Avoiding Suprises with Funds Due at Closing

EDITORS NOTE:  This is an updated version of this post which was written at a time when mortgage originators could more freely use the Good Faith Estimate as a tool to communicate with their clients.   Due to HUD's 2010 GFE and the accompanying restrictions, this is no longer probable.  In fact, nowhere on today's Good Faith Estimate is funds for closing disclosed!  Seattle area borrowers and homebuyers can still avoid surprises at escrow…hopefully these "updated" tips will help!

Your closing date on your new home is a couple of days away, your feeling a little case of the jitters…the last thing you want to deal with is to be surprised with what funds are due at your signing appointment with the escrow company.   

Here's how you can clear up the funds to close issue:

  1. Your Mortgage Professional can provide you with an updated worksheet atleast 5 days before closing to review your funds due at closing.  The worksheet may seem similar to what was used when you were obtaining quotes from your mortgage professional prior to locking or being in contract with your purchase and sales agreement.
  2. Verify with your Mortgage Professional if the worksheet is factoring in your earnest money deposit, deposits with the lender and any other credits (from the seller or real estate agents, for example).
  3. Request your Mortgage Professional obtain an estimated HUD-1 Settlement Statement from the escrow company at least two days before closing to review it for any corrections or modifications for both of you to review.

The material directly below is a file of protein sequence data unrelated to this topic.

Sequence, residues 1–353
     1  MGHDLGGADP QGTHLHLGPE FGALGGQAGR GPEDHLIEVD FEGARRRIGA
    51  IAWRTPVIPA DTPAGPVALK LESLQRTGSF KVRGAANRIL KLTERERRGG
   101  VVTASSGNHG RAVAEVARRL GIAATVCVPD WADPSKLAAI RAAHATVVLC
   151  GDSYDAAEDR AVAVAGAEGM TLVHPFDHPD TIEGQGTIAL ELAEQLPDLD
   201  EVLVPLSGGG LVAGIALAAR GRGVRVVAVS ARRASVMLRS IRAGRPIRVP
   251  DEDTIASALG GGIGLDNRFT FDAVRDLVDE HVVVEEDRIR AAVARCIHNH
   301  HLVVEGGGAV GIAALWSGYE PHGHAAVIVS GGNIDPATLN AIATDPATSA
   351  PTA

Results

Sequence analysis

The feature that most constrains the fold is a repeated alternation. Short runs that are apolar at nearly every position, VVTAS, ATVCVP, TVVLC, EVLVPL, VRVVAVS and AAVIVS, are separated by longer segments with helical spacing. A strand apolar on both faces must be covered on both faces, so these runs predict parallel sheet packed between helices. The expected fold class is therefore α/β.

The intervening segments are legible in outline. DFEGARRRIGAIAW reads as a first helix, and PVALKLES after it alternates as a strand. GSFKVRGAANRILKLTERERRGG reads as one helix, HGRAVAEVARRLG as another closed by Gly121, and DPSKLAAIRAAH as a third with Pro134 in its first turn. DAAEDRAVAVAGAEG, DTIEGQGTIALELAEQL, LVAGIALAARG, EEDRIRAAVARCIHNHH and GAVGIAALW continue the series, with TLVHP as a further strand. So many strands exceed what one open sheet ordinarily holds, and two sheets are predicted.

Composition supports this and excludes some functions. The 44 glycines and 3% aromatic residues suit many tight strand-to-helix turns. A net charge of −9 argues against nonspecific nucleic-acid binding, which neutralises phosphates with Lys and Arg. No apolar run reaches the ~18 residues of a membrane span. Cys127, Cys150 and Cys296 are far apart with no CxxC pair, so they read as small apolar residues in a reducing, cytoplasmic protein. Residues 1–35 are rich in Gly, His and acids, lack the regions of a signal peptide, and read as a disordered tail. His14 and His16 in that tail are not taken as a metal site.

4. Bring a copy of your Good Faith Estimate with you to your signing appointment.  Page 3 of your estimated HUD-1 Settlement Statement will reflect if there are any discrepancies between what was quoted on your last Good Faith Estimate (which can only be reissued under specific circumstances).  Some fees have different tolerances which the mortgage company may be held responsible to "cure".

What if there are errors?  Try not to panic. Depending on how much time there is prior to the scheduled funding, the lender may be able to redraft loan documents if needed.   A majority of our loans are funded within our credit lines so unless it involves someone having to be re-approved for a higher loan amount, loan documents can be emailed fairly easily to the escrow company.   Often times, it could just be correcting a few documents and not the entire loan package.

The closing table can be an emotional time.   It's in your best interest to have as many of the details worked as far in advance as possible.   If you have questions or concerns, speak up.  This is not the time to be bashful.   This is your mortgage and one of the largest financial transactions you will make in your lifetime…get involved and take action!

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